314 pages, and free for you
I wrote my first "...for AutoCAD Users" book back in 1991. It was the idea of OnWord Press to come out with a new category of book. It was no longer unheard of that two or more CAD systems coexist in the same office. Until then, it was normal for just one CAD program monopolize design firms, because of the expense. Paying $50,000 or $100,000 per seat was considered normal, and at those prices just one vendor could win a contract.
("Per-seat" was literal, as in those days the CAD vendor provided the software and the hardware and the customization. The hardware was unique to the software, and companies like Intergraph [short for interactive graphics] were in the 1980s among the largest computer manufacturers in the world. Even today, the Intel CPU running in your computer uses some of the functions invented and patented by Intergraph. Intergraph today, however, is a subsidiary of a Swedish measurements firm.)
When programs like AutoCAD came out at $1,000 (original price; inflation happens), designers could smuggle them into firms on their newly purchased personal computers. By the early 1990s, some firms needed more than one (now low-cost) CAD system to satisfy clients, and that's why running two or more CAD systems was no longer unheard of.
As a result, Dan Raker of OnWord Press asked me to be co-author of "Microstation for AutoCAD Users," a truly bi-directional book, despite the biased name of the title. I did the AutoCAD half, the co-author did the Microstation half. We showed readers how to many things in both CAD systems, which were quite different from each other, like trying to talk English in Spain. Even today I have no idea how to toggle the grid in Microstation!
Content from "BricsCAD V16 for AutoCAD Users"
Since then I've been asked to write "VDraft for AutoCAD Users," "IntelliCAD for AutoCAD Users," "TurboCAD for AutoCAD Users," "BricsCAD for AutoCAD Users," and so on. Even Autodesk asked me to write one, an 'Inventor for AutoCAD Users' style of book that was titled "Learning Autodesk Inventor: The 2D to 3D Transition Handbook."
Over the decades, the content of the book series has changed, from its bi-directional nature ("how this works in AutoCAD and how the same thing works in Microstation") to uni-directional: "you already know AutoCAD, here is how it works in Inventor, in BricsCAD...".
Over the decades, however, the reasons remained the same having two CAD systems in one office:
- To be 100% compatible with clients by using the same CAD system that they use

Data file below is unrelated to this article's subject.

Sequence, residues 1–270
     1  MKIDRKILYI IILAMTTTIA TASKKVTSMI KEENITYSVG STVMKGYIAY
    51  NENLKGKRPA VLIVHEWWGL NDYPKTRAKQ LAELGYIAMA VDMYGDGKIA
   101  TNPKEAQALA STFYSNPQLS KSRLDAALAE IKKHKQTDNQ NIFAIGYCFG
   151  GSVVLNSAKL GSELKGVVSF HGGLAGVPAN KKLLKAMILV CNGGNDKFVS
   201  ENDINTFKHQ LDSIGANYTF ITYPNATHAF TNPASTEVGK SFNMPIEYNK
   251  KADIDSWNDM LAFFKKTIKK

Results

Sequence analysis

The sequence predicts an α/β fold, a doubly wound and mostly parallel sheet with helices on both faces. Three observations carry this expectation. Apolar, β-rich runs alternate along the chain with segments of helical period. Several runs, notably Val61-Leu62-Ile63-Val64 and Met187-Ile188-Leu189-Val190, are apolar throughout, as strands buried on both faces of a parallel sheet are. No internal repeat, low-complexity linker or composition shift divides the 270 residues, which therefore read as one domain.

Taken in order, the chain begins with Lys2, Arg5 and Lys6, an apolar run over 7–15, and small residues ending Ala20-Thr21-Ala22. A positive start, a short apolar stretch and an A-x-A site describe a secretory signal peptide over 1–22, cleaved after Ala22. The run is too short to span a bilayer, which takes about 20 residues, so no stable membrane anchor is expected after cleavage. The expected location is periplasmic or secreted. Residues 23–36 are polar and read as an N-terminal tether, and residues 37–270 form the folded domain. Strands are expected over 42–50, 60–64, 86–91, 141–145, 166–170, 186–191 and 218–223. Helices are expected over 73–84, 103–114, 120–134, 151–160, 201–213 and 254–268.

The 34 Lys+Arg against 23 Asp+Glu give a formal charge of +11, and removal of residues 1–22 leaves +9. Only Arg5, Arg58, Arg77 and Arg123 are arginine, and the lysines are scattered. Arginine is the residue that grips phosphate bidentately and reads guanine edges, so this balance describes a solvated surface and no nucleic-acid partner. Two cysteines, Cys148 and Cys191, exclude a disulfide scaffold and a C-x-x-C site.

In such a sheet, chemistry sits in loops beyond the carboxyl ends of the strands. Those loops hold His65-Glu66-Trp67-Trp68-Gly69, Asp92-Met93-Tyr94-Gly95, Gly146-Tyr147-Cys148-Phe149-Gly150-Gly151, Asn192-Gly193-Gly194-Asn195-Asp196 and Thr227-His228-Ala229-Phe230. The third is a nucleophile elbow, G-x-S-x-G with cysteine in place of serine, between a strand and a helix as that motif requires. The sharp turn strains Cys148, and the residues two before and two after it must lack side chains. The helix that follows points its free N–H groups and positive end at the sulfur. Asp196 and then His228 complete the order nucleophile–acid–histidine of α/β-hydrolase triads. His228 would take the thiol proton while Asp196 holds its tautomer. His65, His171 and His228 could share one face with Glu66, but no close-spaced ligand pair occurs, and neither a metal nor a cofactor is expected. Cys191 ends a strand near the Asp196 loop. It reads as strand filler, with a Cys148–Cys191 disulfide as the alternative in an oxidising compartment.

- To save money by licensing a mix of high-end and lower-cost compatible CAD systems
It is not uncommon today for design offices to employ a 10/90 license mix: 10% AutoCAD or Microstation seats for high-end functions, and 90% BricsCAD or DraftSight seats to handle the bulk of the drafting needs at something like 15% of the cost of AutoCAD.
About BricsCAD for AutoCAD Users
Because I've updated "BricsCAD for AutoCAD Users" quite often, it has really grown with useful content, of which I am quite proud. There is an entire chapter on practical advice on solving the issues that arise from running two CAD systems in one office. The same chapter also describes the issues involved in running two operating systems -- Windows and Linux -- because Linux offers further costs savings to design offices. (BricsCAD, DraftSight, and so on run with nearly identical feature sets on Linux, Mac, and Windows, something Autodesk cannot say.)
Another chapter provides several step-by-step tutorials on the advanced 3D features in BricsCAD, such as direct modeling, BIM, and sheet metal design and unfolding. A third chapter illustrates graphically how compatible BricsCAD is with AutoCAD: I show every AutoCAD 2016 entity alongside the same one as displayed by BricsCAD V16.
Anything that is new to V16 is highlighted in blue, making this a handy guide for users (and competitors) wondering what's new to the latest release of BricsCAD.
Last week I finished updating "BricsCAD V16 for AutoCAD Users." It's grown to 314 pages, and is available as a PDF download from https://bricsys.com/estore/books.
[Disclosure: With the exception of "AutoCAD for Microstation Users," Bricsys and other CAD vendors mentioned funded the writing of these ebooks.]